In September, we launched a revised Outcomes Framework, designed to simplify and clarify our dimensions terminology and make selecting the right measures easier for Culture Counts users.
Our Outcomes Framework has been updated to reflect a more clear and meaningful grouping of concepts, and take into account user feedback, accessibility and language research. This new framework (otherwise known as an schema) seeks to simplify the evaluation concepts in the Culture Counts Evaluation Platform and harmonise the various pieces of research that have contributed to the way we suggest measuring outcomes and impact.
Dimensions will be categorised into one of six categories:
- Cultural: Encourages appreciation and engagement with new and diverse cultural experiences, expanding knowledge and insight, and stimulating creativity.
- Social: Improves personal and social wellbeing to support healthy, safe, and inclusive communities.
- Community: Strengthens ties between communities and their places.
- Economic: Promotes dynamic and resilient local economies that are required to sustain vibrant communities.
- Environment: Increases awareness of environmental issues and connection to the natural world.
- Qualities: Subjective assessments about the experience, content or perception of an artwork or performance; or the quality of the facilitation of a participatory process. These are the qualities of a work that may enable other outcomes.
What is a framework?
The Culture Counts Outcomes Framework is a way of grouping our dimensions together to help people understand how the measures sit within a broader context, how they relate to each other, and the higher level concepts that they contribute to.
The framework is like a map: if you are asked to find your house on a world map, you first look at the broadest scale, the country, then the city, then your local landmarks, and finally your house. The framework serves a similar purpose, offering easy to navigate landmarks so you can find the measures that are most relevant to you.
The update to the framework, along with the new Dimension Selector feature, will make it much easier to view and understand how dimensions sit within the framework, as well as the definitions and meanings of outcome areas and domains.
The main changes to note are:
- The renaming of the Civic domain to the Community domain. This change better reflects the outcomes measured within the domain, including community belonging, participation and engagement in the community, and feelings of pride for the community and place.
- The movement of place-based dimensions such as ‘It made me feel proud of my local area’ from the Environmental domain to the Community domain.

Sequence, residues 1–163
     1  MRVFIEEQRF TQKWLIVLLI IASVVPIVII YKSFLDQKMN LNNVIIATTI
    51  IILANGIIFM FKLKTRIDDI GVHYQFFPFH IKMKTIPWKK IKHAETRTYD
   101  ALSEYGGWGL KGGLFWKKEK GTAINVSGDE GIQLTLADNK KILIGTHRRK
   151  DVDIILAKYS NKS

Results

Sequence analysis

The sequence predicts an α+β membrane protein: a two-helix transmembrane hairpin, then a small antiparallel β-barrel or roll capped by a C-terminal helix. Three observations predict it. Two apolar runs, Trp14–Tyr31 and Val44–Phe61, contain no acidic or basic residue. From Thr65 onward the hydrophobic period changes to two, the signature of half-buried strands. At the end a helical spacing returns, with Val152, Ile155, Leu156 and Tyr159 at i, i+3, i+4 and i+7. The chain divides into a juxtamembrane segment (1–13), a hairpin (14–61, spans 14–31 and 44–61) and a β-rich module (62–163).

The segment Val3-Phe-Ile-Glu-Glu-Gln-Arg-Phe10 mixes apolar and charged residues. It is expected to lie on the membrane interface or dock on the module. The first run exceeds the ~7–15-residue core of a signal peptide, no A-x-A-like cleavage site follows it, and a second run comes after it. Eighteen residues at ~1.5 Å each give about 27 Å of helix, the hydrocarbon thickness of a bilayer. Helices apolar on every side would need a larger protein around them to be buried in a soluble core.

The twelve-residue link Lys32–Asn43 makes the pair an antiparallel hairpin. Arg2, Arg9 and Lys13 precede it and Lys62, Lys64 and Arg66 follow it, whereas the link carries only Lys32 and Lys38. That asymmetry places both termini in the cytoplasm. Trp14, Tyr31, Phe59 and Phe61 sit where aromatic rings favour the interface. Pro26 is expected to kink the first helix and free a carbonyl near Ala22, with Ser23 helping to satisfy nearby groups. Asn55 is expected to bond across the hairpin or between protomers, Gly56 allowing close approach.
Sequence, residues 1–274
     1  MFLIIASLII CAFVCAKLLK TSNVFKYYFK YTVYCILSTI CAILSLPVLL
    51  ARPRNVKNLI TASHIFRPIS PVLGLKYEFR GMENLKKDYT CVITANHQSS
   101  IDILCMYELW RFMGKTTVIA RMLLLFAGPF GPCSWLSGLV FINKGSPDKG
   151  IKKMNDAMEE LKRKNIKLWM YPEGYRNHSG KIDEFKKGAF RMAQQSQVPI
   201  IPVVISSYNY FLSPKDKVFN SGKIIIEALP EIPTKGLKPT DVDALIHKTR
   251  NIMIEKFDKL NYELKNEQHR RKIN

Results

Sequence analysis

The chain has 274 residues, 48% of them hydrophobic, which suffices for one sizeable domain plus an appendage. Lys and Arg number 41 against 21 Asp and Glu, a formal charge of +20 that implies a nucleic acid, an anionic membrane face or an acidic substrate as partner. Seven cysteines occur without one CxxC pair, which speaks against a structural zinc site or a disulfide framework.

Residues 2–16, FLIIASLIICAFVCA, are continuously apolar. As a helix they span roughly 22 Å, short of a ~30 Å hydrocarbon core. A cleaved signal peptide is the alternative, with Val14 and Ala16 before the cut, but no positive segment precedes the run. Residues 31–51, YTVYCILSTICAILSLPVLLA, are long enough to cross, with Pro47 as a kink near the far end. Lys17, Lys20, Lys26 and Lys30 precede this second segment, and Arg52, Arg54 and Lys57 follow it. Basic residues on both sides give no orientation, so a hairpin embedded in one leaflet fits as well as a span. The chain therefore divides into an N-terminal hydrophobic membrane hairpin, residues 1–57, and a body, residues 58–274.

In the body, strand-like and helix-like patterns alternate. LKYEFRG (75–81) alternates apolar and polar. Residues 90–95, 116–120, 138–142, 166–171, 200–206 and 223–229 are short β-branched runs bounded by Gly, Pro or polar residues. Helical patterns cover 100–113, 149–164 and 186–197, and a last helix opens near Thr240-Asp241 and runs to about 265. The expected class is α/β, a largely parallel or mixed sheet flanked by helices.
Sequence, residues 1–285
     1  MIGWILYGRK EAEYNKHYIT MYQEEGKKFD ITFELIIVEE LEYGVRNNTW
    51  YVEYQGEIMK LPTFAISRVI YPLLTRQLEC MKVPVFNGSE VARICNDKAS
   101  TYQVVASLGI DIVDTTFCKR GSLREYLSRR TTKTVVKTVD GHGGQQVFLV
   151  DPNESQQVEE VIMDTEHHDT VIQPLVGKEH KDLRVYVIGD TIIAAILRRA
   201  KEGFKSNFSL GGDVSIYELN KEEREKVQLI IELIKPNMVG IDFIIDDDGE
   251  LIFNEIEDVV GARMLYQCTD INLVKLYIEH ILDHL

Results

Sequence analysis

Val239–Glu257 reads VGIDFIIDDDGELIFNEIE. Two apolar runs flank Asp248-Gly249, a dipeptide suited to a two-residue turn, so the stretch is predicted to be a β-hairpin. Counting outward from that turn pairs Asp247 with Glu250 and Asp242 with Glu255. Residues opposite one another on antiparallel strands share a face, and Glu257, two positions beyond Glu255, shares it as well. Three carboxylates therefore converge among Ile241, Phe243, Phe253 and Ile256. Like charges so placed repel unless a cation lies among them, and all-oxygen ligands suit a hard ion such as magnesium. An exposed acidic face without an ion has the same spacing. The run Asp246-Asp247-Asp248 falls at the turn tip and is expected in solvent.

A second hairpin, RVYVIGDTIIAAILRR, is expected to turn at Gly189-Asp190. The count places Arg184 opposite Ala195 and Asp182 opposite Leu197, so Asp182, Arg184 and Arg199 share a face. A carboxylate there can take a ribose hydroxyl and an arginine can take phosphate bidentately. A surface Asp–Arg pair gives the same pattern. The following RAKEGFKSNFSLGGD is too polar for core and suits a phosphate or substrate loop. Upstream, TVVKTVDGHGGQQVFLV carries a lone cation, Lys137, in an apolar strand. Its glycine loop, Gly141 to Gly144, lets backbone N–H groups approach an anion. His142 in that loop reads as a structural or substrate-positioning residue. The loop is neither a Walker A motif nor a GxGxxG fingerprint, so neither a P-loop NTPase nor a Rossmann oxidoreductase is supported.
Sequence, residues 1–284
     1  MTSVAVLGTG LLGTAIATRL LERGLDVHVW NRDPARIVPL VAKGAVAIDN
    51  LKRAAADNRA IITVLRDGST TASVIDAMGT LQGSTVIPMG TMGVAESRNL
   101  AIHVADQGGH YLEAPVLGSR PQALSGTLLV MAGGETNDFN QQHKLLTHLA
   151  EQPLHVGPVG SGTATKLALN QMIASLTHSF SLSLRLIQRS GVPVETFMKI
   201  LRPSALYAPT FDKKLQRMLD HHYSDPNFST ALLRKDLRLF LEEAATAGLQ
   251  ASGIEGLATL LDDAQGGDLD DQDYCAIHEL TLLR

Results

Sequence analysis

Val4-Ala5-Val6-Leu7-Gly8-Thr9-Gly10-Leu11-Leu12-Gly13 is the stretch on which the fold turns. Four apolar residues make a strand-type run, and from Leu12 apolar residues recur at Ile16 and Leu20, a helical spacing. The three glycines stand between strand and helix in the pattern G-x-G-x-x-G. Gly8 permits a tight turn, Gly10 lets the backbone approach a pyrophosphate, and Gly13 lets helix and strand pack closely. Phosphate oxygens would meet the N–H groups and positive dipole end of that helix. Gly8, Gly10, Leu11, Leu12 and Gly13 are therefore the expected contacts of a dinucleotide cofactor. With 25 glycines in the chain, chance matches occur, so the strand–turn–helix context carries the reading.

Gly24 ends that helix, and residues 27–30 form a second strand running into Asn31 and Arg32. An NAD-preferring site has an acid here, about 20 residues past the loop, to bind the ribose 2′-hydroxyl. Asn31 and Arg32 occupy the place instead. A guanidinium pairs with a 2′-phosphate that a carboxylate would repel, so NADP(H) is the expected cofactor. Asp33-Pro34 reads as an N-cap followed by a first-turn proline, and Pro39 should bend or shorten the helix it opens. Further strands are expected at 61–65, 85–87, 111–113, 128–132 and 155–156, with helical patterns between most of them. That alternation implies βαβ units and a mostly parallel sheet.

- The renaming of the Arts Quality domain to the Qualities domain. This name change reflects the fact that dimensions are measuring many different attributes and qualities that make up an event or participatory experience, not whether it was good or bad.
- The movement of some dimensions from Outcome domains to the Qualities domain. This change is to reinforce the distinction between dimensions that are about a change in the individual (outcomes) and those that are an opinion or perspective about the work (qualities).
- There are also minor changes to outcome area names to ensure that they more accurately and comprehensively describe the outcome in question. Outcome area names and descriptions can now be found in the platform to help you choose the outcomes that best align with your objectives.
The wording of dimension statements is not affected by these changes, and there is no impact to existing surveys or previous dimension data that clients have collected. Please contact your Client Manager if you have difficulty locating dimensions in the survey builder, or have questions about your organisation’s strategic alignment.
Along with this update to the framework and launch of the new dimension selector, the Culture Counts team is undertaking ongoing research and development into the dimension set, inclusions, terminology and geographical differences. This reflects our continuous consultation with clients, the evolution of language, our commitment to meeting the changing needs of the sectors we work with, and our recognition of the benefits of consistent measurement. We welcome your thoughts and feedback.